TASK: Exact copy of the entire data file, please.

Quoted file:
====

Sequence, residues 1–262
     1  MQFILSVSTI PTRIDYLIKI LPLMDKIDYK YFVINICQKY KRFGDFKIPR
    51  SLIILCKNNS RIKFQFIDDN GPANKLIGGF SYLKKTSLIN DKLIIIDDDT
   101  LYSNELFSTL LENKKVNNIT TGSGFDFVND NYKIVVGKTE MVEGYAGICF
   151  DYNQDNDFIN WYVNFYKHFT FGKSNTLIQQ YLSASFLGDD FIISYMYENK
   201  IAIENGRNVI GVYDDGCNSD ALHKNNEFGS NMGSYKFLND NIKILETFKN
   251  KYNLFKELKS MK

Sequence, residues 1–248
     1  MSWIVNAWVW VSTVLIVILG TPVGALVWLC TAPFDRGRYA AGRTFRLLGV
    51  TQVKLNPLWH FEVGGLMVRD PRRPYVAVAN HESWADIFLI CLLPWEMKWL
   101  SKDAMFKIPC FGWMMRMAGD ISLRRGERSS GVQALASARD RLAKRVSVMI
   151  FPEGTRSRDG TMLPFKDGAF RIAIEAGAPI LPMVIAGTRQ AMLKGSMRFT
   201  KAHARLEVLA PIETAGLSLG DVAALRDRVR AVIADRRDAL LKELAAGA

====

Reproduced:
Sequence, residues 1–262
     1  MQFILSVSTI PTRIDYLIKI LPLMDKIDYK YFVINICQKY KRFGDFKIPR
    51  SLIILCKNNS RIKFQFIDDN GPANKLIGGF SYLKKTSLIN DKLIIIDDDT
   101  LYSNELFSTL LENKKVNNIT TGSGFDFVND NYKIVVGKTE MVEGYAGICF
   151  DYNQDNDFIN WYVNFYKHFT FGKSNTLIQQ YLSASFLGDD FIISYMYENK
   201  IAIENGRNVI GVYDDGCNSD ALHKNNEFGS NMGSYKFLND NIKILETFKN
   251  KYNLFKELKS MK

Sequence, residues 1–248
     1  MSWIVNAWVW VSTVLIVILG TPVGALVWLC TAPFDRGRYA AGRTFRLLGV
    51  TQVKLNPLWH FEVGGLMVRD PRRPYVAVAN HESWADIFLI CLLPWEMKWL
   101  SKDAMFKIPC FGWMMRMAGD ISLRRGERSS GVQALASARD RLAKRVSVMI
   151  FPEGTRSRDG TMLPFKDGAF RIAIEAGAPI LPMVIAGTRQ AMLKGSMRFT
   201  KAHARLEVLA PIETAGLSLG DVAALRDRVR AVIADRRDAL LKELAAGA